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Low Breast milk Supply

Most mothers feel that the quantity of milk received by their babies during breastfeeding is not sufficient for their babies. However, it happens very rarely that a mother is not able to produce enough milk. In majority of the cases, low milk supply is experienced when the mother does not know how to breastfeed the child. It is true that some simple measures can help prevent this condition. In most cases, the problem may not be ‘low breast milk supply’ but ‘wrong breastfeeding methods’.


  • Cigarette smoking is responsible for low prolactin levels, which can cause lower production of breast milk.
  • If the child is fed with the help of bottles, it reduces the hunger pangs and this in turn affects baby’s desire to nurse. This affects the milk supply adversely.
  • At the time of growth spurts in babies, they may want to feed nonstop. Growth spurts can be noticed in between the first and third week, sixth and eighth week and so on. This may decrease the milk supply for a short period of time.
  • When the mother is not around, the babies are fed with the pumped milk. This may also affect the milk supply.
  • If the mother is very stressed, if she does not get enough rest or sleep, if she does not follow a nutritious diet, then also, the milk supply can be lower than expected.
  • Cracked nipples, development of thrush, plugged ducts, and mastitis (inflammation of the breast) are some of the problems, for which the mother should seek medical attention. These conditions need prompt attention, as they can affect the milk production.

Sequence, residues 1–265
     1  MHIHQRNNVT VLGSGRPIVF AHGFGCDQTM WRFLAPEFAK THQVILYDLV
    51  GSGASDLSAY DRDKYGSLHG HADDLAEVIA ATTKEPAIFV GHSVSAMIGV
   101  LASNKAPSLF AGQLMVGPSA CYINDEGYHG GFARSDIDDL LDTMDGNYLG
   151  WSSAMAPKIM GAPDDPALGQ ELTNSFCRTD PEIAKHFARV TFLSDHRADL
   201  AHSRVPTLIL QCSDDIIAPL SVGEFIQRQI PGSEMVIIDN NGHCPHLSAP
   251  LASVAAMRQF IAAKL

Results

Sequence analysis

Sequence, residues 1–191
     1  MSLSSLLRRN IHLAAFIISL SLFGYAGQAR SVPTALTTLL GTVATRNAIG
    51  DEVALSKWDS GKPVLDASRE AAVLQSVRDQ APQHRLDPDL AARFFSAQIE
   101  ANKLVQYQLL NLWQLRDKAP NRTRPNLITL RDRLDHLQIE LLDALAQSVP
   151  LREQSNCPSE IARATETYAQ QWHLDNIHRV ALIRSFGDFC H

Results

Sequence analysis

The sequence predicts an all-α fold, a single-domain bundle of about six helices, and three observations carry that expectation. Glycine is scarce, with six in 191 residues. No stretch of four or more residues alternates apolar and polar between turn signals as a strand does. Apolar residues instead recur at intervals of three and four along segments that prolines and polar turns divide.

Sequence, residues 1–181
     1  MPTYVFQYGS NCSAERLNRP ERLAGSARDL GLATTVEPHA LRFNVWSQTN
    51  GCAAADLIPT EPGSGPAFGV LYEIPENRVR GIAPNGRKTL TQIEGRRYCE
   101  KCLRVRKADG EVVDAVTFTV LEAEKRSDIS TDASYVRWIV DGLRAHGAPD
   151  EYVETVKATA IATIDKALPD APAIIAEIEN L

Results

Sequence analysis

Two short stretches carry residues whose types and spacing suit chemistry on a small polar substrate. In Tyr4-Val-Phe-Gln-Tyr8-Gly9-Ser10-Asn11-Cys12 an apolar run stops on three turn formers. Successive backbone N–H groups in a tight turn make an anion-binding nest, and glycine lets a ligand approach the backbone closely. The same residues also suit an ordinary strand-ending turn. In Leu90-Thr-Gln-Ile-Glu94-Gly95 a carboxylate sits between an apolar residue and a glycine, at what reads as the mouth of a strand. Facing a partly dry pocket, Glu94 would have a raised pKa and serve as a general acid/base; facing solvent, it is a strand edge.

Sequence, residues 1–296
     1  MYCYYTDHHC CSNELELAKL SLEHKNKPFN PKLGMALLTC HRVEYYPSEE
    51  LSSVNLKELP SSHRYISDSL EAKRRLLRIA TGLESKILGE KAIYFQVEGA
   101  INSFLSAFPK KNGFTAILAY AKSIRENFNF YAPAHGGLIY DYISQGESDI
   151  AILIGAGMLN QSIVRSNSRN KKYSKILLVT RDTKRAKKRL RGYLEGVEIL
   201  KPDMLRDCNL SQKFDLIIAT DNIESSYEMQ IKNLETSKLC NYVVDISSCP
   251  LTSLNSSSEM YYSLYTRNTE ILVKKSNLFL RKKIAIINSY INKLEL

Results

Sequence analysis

• A clogged milk duct may lead to breast pain, hence, the mother should feed the baby more frequently, so that the duct gets emptied soon. Gentle massage of the breasts can also prevent clogging. It also plays an important role in increasing the milk supply.
  • Low production of milk during lactation period can be attributed to low blood calcium levels. Some women may not notice any difference in milk supply at all. But, those who notice may take calcium and magnesium (2:1 ratio) supplements, after consultation with the doctor. This may help boost the milk production.
  • Mothers with anemia, thyroid problems, insulin dependent diabetes, breast surgery, pituitary problems, polycystic ovary syndrome, obesity problems, or any other serious illnesses may notice low production of milk. Also, use of certain medications may sometimes lower the milk supply.
  • When the baby nurses frequently, the mother may think that the baby is not getting enough milk. But this can be a wrong interpretation, as breast milk is easy to digest (usually digested in 1.5 – 2 hours) and therefore babies need frequent feeding. Mothers should also check whether babies are gaining weight properly.
  • Milk supply depends on the amount taken by the baby from the breast, it’s a demand-supply process. When the breast is emptied effectively by the baby, the cells start making more milk. Similarly, if the baby is not feeding frequently, the milk supply will be naturally reduced.

Some foods or herbs can be consumed to increase the milk supply. For example, fenugreek, blessed thistle, or nettle are prescribed to increase the supply of breast milk. Taking into consideration the advantages of breastfeeding, every mother should consult her doctor immediately if she thinks that low breast milk is affecting her baby’s health. Most of the aforementioned conditions are easy to overcome, with proper guidance from a doctor. Also, take necessary steps to keep your baby satiated.

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